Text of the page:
"The Christmas Story," as much as it is present in secular consciousness, is part of the "feel good" Christmas. To suggest that Jesus is a refugee who would be locked out of the Egypt of Australia if he sought asylum here, can get people very upset. This sermon had me heckled, people walked out, and another chastised me during morning tea!
Those of us who "know" the story can get so annoyed by the commercialism of the season, that we, too, fail to listen to the story; fail to notice stark differences between the accounts of Matthew and Luke, not to mention the silence of the rest of the New Testament and Gospels about Jesus birth; are surprised to hear that there were no Kings, that the number varied, and that the whole tradition of the stable might be a misunderstanding, and often do not ask ourselves what the facts of the story1 are seeking to tell us. We may not notice that we have become familiar with the text, and stopped reading!
A Question: If we are arguing about the meaning of the birth narrative, what are we really arguing about and, therefore, what are we failing to look at?
Assertion: Matthew is written in a violent world where the imagery of violent judgement was no act of imagination or exaggeration— Aleppo was experienced, not known through pictures. Matthew is written to a community living on the edge, struggling to survive. If we imagine a nice comfortable Christmas story with Persil-washed lambs and well-groomed shepherd boys, we have almost certainly misunderstood the story.
Beginning the Story
Point 1. Verse 1 and verse 18 of Matthew 1 begin a multi layered pun.
Matthew begins with the words "Biblos geneseos Iesou Christou...." The title is a pun that has a variety of possible meanings: "The book of the genealogy of Jesus Messiah," or "The book of (the) Genesis of Jesus Messiah," or "The book of the origin of Jesus Messiah," and the like. This opening pun connects with the last words of the work: "to the end of the age" (28:20), marking off beginning and end. Moreover, the last passage of the work, an edict by the risen Jesus (28:18-20) closes the Gospel with the same type of passage that closes the Hebrew Scriptures, the edict of Cyrus in 2 Chron. 36:23. Thus the Gospel begins with "the book of genesis" and ends with a final edict of one empowered by God, just like the Sacred Scriptures of Matthew's day. Further, by beginning with a genealogy and closing with an edict, Matthew's work likewise follows the pattern of the last book of the Hebrew Bible, Chronicles. For Chronicles (called in Hebrew "The Book of Days" =genealogy) begins with a genealogy and ends with an edict from one with power over "all the kingdoms of the earth" (2 Chron. 36:22-23; used by Ezra 1:1-2), namely, God's Messiah, Cyrus (Isa. 45:1; see Isa. 44:28).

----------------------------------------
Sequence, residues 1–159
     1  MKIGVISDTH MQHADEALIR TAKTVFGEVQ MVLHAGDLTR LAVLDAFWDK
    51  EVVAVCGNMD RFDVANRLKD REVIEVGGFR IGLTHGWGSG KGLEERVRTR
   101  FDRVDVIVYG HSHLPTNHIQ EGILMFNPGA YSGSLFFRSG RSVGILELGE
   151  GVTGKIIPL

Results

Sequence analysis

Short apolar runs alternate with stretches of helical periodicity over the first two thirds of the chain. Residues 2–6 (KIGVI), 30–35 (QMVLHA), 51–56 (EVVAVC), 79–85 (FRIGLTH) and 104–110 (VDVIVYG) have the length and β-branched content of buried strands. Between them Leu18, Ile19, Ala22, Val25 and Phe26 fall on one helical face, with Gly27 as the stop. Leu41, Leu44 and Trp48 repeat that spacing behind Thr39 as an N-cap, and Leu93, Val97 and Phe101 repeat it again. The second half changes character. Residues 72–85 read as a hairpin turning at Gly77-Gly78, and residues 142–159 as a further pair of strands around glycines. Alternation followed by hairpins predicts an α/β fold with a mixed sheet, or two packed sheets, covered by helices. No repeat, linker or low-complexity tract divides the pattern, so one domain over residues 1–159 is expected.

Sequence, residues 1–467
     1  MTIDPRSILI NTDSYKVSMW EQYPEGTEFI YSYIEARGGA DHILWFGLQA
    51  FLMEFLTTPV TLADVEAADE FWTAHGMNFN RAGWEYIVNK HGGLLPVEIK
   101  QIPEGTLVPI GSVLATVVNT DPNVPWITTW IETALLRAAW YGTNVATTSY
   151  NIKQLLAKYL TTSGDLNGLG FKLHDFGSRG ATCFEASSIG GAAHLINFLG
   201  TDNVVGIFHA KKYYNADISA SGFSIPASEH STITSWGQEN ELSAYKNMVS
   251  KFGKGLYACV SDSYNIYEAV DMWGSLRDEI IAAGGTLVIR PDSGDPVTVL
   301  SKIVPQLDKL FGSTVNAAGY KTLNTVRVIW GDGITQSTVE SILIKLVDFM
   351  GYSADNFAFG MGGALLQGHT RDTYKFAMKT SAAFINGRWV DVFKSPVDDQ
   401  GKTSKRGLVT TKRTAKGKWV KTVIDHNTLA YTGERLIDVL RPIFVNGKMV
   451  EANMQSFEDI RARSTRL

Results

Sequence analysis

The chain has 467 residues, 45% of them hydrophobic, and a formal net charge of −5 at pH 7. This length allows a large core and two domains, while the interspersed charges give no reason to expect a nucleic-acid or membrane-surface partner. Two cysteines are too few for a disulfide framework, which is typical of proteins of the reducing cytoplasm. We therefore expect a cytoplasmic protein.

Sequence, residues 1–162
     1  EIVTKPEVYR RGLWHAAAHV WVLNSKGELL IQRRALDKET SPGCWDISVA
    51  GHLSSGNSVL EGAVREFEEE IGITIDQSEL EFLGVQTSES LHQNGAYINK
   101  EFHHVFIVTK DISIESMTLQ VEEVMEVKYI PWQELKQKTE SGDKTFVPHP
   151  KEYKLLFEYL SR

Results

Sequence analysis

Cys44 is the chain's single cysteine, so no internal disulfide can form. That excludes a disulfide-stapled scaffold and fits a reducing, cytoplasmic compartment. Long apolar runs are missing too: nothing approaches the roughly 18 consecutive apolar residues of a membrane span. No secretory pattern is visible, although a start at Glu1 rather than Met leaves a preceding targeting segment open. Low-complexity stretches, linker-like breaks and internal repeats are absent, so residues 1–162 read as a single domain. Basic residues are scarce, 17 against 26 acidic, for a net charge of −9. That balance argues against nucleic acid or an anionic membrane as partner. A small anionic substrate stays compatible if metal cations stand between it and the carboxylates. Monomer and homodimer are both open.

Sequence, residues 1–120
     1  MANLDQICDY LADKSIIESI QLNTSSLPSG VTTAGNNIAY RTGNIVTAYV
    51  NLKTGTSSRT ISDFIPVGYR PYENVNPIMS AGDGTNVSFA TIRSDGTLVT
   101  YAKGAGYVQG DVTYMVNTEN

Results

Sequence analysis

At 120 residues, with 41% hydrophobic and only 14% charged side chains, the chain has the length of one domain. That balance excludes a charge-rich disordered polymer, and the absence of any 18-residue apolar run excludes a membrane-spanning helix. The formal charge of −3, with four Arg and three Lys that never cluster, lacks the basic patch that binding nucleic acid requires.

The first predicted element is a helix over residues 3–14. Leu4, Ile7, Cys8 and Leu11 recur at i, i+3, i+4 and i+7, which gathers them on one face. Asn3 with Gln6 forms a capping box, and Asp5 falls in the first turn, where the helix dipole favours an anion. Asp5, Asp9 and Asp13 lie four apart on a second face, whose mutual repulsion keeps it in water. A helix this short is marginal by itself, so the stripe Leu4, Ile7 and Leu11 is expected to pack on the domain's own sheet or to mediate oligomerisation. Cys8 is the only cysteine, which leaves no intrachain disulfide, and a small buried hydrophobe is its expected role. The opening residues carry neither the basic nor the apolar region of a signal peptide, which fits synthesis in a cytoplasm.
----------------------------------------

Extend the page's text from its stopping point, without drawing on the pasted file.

By whichever allusion, it appears that Matthew offers a new "scripture," which goes all the way from the "beginning" to the "end." In between these brackets, Jesus' five major speeches (each ending with the refrain: "When Jesus had finished . . . ," 7:28; 11:1; 13:53; 19:1; 26:1) would have us think the new "scripture" is a new Torah from the new prophet, the new Moses, Jesus, Son of David, Son of Abraham. (Social Science Commentary on the Synoptic Gospels, Malina Richard L. Rohrbau pp[from the Reading Notes and Textual Notes on Matthew 1. My Kindle edition does not give the page numbers.])
Point 2. I notice that NRSV gives a translation option for 1:1 of "An account of the birth of Jesus the Messiah…" which is then echoed by 1:18" "Now the birth of Jesus the Messiah took place in this way."
Therefore, as well as introducing the New Moses, and perhaps even a New Scripture, verses 1-17 are also about the birth of the Messiah. And the Matthew lectionary reading on the birth of the Messiah leaves them out! Yet in these verses, Matthew anticipates the question of his readers, and possible critics: "How can a peasant villager, a carpenter (Matt 13:55) from a dump like Nazareth, possibly be the Messiah!?"